By Tom Beresford, Trends and Research
The education debate is increasingly awash with grand ideas. 'Let's rethink education, reimagine school, redefine learning - the 'new world' demands it of us!' No doubt, this rising rhetoric is an illustration of the fundamental and ‘wicked’ challenges that the future holds for education systems the world over, and how ill-equipped our traditional model of schooling feels in responding to them.
Although the debate is far from won, it is still nonetheless important to acknowledge that these grand ideas for change are all too often devoid of a vehicle. To put it differently, how do we rethink education? How do we re-imagine school? How can we redefine learning?
The Problem Solvers
With typical ‘Charles Leadbeater’ wordsmithery, ‘The Problem Solvers: The teachers, the students and the radically disruptive nuns who are leading a global learning movement’ offers a fantastic conceptualisation of the why - outlining our understanding of what the future might hold and how this is providing a clear and present burning platform for education systems globally.
“...in a more volatile, uncertain world, characterised by innovation and entrepreneurship, we now need to equip young people to solve problems of all shapes and sizes. Problems that will not come with instructions.”
“It is about how well education prepares young people to flourish in a society awash with intelligent technology, facing an uncertain future, with endless opportunities for collaboration but also deep-seated and urgent challenges which need addressing.”
Importantly, The Problem Solvers also offers an understanding of the what - highlighting how the burning platform is pushing schools to pursue grand ideas of change, even if they are only “harbingers, early and sometimes faint signals of what education systems worldwide will need to become”. The report shares crucial learning from their efforts to buck the trends of their systems and inspire us with new ways of making learning a dynamic, engaging and exciting experience.
Leadbeater succinctly frames this in a simple organising framework: dynamic learning. He argues that
“within education, an underlying consensus is building: young people should be equipped with a combination of knowledge, personal strengths, social skills and a capacity for agency. Or to put it more succinctly, they should go to school to acquire knowledge to grow, collaborate and act.”
These foundational elements are hard to argue with, and for that reason offer a strong set of principles to act as cornerstones of new approaches. And that’s the key! If you look at the leading exemplars exhibited in the paper, there is no single discrete model for the 21st century education, no silver bullet pedagogy, curriculum or teaching ‘toolkit’. Each model is embedded in a local vision, a local context, with local needs - driven by professionals, students, parents and communities.
At Innovation Unit’s School Design Lab, we are champions to many of the elements at the heart of Leadbeater’s framework. We too believe that giving students a strong sense of agency out there in the real-world with purpose is crucial. We also see the generation of new assessment as a strategic priority. We share these ‘design principles’ - see our resident guru David Jackson’s latest blog - with the schools we work with, but importantly help them to inform a design process that fits with their local school’s individual circumstance.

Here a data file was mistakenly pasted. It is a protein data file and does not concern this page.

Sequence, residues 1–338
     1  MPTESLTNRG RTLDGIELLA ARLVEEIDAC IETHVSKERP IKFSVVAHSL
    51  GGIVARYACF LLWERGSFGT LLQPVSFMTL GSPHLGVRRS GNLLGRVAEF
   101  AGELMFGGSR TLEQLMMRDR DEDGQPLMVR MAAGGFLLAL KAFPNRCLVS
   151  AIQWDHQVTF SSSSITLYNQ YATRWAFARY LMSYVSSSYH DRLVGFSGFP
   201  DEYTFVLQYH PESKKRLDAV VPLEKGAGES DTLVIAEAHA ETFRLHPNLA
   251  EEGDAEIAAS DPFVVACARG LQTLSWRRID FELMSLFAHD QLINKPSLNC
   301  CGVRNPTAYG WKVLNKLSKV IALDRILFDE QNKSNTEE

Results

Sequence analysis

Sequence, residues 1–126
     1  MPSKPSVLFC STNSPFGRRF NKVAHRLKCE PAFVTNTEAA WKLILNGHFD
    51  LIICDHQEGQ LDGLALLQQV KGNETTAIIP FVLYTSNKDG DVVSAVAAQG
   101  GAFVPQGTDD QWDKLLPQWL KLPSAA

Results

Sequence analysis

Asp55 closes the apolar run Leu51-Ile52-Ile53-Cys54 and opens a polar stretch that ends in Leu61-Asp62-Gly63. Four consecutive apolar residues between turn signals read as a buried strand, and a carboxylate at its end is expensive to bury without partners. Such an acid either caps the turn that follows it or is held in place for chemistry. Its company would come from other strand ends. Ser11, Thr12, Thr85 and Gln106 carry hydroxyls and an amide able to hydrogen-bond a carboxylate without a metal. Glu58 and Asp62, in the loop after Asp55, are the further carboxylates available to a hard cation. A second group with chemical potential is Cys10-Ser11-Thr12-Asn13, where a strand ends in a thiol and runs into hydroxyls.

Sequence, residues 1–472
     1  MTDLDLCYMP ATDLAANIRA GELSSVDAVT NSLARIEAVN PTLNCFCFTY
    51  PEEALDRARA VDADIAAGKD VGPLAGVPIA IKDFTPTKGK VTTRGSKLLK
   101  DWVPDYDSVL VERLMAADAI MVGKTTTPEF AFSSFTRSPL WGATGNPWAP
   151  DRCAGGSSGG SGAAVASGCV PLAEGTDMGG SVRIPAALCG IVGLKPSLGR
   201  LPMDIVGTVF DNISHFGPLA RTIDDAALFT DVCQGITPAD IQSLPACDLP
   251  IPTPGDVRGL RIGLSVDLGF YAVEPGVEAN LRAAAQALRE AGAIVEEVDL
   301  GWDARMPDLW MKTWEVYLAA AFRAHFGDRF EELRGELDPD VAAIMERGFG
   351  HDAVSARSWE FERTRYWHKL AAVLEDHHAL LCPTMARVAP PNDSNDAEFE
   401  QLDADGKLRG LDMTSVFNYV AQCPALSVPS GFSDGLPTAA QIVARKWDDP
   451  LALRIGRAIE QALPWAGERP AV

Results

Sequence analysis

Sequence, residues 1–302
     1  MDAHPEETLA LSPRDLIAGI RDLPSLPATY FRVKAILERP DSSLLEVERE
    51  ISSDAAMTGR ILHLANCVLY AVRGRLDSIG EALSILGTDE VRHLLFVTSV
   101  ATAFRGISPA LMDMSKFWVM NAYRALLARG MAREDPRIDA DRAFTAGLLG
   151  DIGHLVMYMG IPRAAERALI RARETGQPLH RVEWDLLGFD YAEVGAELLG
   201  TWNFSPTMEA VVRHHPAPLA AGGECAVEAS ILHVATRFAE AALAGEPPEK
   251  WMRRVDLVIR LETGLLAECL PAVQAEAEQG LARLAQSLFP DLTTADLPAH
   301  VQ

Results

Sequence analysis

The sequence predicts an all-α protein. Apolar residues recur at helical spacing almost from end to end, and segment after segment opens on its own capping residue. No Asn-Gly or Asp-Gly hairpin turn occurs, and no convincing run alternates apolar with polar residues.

The ‘how’, the vehicle, the help - what design thinking has to offer
But of course, the world of schooling and learning is more complex than just a set of design principles, or an organising framework. How do we get there? Where schools embody their vision in their structures, cultures and ways of working; where whole systems are budding with these exciting exemplars and we’re confident of a critical mass of schools fit for the future.
Leadbeater outlines what policy-makers, teachers, students and entrepreneurs can do to get there, offering the below levers for change:
Making dynamic learning central to the curriculum that the majority of schools follow.
Equipping systems to make a reality of such a curriculum in practice.
Creating reliable assessments for the acquisition of non-cognitive skills.
Building the public case with politicians, parents and employers to enable system-wide change.
While these foci may well be crucial, for us at Innovation Unit’s School Design Lab, a necessary supplement and driver to them is the need to building an ambitious new education movement committed to designs of what we call extraordinary learning. We want to do this through the power of design thinking. In the US, the likes of IDEO, d.standford school and the Education Design Lab have had success in marrying education reform with design. Now it's time to make similar waves on this side of the pond.
We’ve had the pleasure of working in collaboration with one of the main harbingers of future-focused education in this country - School 21, represented in this report. But we want more. We want to work with more visionary educators, new and existing schools, who are determined to enact these grand ideas of change. We want to help (re)design curriculum, assessment, how schools use technology as an enabler of learning, how physical space, resources and capacity supports the dynamic, extraordinary learning we increasingly desire and need.
We too believe that the future is unlikely to be what most educational processes, policies and practices currently assume it will be - and that is the point. It's neither enough to say we have no idea what will happen nor that we are confident we know what will. But what we are resolutely determined about is supporting schools, in partnership with their students, to respond to the trends that will profoundly influence the lives of young people, and helping them to design extraordinary learning that inspires and prepares a generation.